Funding legal assistance for tenants. Legal representation for tenants in housing court is associated with tremendous declines in the rate of eviction judgments and can even prevent a share of cases from ever being filed. Yet right-to-counsel laws such as the one achieving impact in New York City are still rare. In general, 90 percent of landlords in eviction cases have legal representation in court while just 10 percent of tenants do. To combat this, cities such as Baltimore, MD, Providence, RI , Arlington, TX and Kansas City, MO are providing or funding legal assistance to low-income residents facing eviction.
Long-term strategies for alleviating the eviction crises
As these short-term solutions expire or as funding becomes depleted, cities must consider the long-term impacts of mass evictions on their communities, and implement and institutionalize effective policies or programs:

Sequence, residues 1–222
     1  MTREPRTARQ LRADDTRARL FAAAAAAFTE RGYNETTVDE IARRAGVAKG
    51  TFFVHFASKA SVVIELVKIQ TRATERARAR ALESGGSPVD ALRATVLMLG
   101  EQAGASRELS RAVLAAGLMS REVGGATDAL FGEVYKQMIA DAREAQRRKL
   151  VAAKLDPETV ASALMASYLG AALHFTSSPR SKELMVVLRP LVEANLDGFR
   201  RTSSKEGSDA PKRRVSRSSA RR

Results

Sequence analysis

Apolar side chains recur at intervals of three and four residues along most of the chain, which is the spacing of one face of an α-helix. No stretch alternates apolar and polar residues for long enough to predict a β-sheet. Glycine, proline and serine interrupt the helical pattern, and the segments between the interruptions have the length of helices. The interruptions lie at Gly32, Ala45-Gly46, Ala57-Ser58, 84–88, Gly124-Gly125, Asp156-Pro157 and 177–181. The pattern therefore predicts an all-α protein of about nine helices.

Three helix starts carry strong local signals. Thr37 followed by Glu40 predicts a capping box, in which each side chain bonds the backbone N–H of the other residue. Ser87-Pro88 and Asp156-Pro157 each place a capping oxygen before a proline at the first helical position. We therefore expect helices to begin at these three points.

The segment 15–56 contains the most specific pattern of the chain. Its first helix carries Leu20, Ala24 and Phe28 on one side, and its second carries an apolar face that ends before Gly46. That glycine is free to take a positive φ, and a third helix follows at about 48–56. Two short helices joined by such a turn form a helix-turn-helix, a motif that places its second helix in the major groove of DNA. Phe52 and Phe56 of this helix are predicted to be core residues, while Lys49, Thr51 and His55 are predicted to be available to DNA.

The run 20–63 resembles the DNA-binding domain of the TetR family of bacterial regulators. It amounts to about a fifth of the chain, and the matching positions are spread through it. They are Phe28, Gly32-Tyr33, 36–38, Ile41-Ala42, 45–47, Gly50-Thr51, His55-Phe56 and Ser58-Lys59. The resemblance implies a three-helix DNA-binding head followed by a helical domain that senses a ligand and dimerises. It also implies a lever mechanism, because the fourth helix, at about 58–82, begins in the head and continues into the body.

Eviction Mediation Programs
Facilitated by a professional, independent mediator, eviction mediation programs offer an opportunity for landlords and tenants to discuss disputes in a power-neutral setting, prior to the formal filing of an eviction. If an agreement is reached during mediation, the landlord and tenant can enter into a legally binding resolution while avoiding court proceedings all together. If an agreement is not reached, however, the dispute can still be brought to a formal court hearing.
Electing to use mediation programs as an entry point for landlord-tenant disputes offers benefits to all parties involved. Mediation can provide legal cost savings for the landlord, rental history protections for the tenant, and a decreased caseload for overwhelmed court systems. These benefits, along with the demonstrated success of eviction mediation programs, has prompted an expanding number of cities to consider this approach.